With their loss to the Angels on June 2nd, the Seattle Mariners sit with a record of 21-37—a huge 13.5 games behind those same Halos.
Somebody needs to take responsibility for the complete and utter failure of this team, and that man is manager, John McLaren.
This is a team that had just started to turn the corner when McLaren took over for Mike Hargrove midway through the 2007 season. They played well for a while, then the wheels completely fell off, and the team failed to make the playoffs.
Since the last month of the 2007 season through today, the Mariners have been the worst team in the majors, playing around .350 ball.
The job of a manager is to motivate his team and position his players so they have the best chance to succeed. Looking at the Mariners' record of late, it is apparent that John McLaren is failing at the most basic of managerial duties.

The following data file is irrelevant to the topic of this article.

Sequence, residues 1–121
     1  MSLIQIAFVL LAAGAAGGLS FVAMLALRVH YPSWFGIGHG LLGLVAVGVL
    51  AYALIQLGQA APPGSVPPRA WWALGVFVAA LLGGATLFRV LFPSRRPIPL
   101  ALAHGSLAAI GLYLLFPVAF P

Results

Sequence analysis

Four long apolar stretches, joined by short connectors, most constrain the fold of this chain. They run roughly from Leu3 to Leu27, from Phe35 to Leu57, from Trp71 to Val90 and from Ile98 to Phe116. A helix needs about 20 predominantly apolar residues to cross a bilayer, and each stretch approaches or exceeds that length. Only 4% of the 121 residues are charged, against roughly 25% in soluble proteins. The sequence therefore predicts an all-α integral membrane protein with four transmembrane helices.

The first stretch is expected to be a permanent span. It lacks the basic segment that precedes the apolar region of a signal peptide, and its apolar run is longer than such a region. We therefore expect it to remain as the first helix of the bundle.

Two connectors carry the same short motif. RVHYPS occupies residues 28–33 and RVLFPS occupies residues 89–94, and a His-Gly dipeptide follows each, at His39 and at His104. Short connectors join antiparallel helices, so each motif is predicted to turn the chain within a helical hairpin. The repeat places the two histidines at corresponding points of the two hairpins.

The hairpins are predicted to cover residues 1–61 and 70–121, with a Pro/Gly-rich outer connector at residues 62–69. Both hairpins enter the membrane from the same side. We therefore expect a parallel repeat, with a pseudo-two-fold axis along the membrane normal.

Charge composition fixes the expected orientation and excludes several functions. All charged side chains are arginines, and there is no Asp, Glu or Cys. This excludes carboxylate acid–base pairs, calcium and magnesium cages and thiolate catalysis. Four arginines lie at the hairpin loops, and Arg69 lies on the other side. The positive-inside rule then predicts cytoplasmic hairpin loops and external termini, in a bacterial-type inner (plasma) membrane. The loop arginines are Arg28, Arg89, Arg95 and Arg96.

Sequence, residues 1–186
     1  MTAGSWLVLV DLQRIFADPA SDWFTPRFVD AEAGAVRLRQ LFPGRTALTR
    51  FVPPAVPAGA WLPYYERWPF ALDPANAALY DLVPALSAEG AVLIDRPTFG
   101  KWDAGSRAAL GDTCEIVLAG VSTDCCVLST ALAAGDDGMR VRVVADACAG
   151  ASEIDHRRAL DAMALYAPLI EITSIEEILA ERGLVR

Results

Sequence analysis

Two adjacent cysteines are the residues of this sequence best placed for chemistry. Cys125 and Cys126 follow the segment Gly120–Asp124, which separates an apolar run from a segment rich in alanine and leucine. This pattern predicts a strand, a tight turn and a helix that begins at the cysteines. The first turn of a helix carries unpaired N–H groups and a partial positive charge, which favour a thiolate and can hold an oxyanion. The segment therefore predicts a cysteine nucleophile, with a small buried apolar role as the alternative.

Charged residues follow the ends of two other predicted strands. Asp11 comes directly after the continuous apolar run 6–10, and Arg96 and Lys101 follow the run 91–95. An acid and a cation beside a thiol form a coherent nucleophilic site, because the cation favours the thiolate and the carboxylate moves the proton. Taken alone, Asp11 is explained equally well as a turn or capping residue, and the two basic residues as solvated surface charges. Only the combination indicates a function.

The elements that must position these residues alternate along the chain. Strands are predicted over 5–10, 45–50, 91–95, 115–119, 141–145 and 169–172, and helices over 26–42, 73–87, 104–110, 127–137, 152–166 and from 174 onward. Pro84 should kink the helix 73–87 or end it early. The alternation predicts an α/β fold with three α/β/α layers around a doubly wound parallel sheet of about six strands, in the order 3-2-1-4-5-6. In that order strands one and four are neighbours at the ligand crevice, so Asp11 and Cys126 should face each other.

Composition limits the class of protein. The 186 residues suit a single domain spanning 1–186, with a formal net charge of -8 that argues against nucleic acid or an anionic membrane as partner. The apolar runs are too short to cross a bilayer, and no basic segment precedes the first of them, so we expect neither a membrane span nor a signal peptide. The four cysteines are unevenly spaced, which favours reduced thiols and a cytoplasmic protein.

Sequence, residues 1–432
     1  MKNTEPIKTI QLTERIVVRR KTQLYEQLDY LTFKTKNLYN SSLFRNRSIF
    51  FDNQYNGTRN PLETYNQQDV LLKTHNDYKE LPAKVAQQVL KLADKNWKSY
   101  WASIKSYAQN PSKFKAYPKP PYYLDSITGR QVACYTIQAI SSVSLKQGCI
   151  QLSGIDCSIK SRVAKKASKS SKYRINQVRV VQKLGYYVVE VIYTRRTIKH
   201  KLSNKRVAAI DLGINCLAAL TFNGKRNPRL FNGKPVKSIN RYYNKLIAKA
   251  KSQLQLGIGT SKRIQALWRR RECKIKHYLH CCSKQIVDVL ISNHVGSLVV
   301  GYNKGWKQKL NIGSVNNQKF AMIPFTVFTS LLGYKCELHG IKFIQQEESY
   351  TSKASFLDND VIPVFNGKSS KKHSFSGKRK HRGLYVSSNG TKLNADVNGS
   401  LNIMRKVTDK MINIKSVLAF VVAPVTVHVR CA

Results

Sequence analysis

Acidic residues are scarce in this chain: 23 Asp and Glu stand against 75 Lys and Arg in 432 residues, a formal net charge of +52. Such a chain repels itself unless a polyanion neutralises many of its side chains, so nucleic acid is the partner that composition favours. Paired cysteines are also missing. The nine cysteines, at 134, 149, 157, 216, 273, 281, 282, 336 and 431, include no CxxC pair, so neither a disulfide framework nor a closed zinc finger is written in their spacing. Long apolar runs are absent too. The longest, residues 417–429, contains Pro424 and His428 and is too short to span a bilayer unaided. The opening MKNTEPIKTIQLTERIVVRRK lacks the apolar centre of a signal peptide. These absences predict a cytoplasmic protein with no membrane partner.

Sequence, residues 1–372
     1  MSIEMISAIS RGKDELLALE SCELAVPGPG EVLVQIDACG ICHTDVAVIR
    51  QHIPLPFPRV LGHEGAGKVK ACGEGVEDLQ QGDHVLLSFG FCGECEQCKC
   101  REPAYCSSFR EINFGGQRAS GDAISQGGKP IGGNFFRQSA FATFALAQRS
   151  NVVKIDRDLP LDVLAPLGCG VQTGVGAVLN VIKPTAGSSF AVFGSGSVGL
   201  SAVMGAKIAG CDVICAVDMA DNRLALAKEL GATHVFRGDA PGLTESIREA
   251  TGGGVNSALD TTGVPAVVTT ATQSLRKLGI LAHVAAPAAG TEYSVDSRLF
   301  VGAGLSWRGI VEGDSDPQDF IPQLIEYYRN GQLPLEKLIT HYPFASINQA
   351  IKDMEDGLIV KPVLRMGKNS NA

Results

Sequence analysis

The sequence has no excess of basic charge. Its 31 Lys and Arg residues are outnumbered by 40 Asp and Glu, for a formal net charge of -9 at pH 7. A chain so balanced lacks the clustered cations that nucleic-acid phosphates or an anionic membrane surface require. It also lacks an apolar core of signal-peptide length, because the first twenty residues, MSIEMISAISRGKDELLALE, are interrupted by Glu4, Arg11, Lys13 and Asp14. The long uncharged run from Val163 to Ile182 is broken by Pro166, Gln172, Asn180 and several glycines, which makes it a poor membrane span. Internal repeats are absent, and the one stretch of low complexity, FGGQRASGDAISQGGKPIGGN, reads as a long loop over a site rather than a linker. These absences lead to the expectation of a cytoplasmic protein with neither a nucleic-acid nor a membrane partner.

Now, one might argue that McLaren's hands are tied. If the front office, namely GM Bill Bavasi, does not provide him with good players, even the best manager in the world could not lead them to victory.
While this is a valid argument in principle, it does not apply to the 2008 Mariners. This team has talent.
Last year this team won 88 games, traded for arguably the best pitcher in the American League, and only lost one contributer from the year before (Jose Guillen). Yet, this team is still on pace to lose over 100 games.
Even if you argue that the 2007 team was lucky, and that their win total was an aberration—meaning that the so called "collapse" at the end of last year was more of a regression to the mean instead of a true collapse—then you are arguing that the Mariners have one of the least, if not the least, talented rosters in the majors.
There is absolutely no way that the 2008 Mariners have the least talented roster in the game. In fact, I would argue that they do not even have the least talented roster in their division.
On paper, they should blow both the Oakland A's and the Texas Rangers out of the water.
At the end of the day, you need to know when to cut your losses. At this point, keeping John McLaren at the helm of the ship is a mistake—a mistake that needs to be taken care of immediately.
The 2008 season is already a lost cause, but that is no excuse for Bavasi to sit and not try to improve this team.
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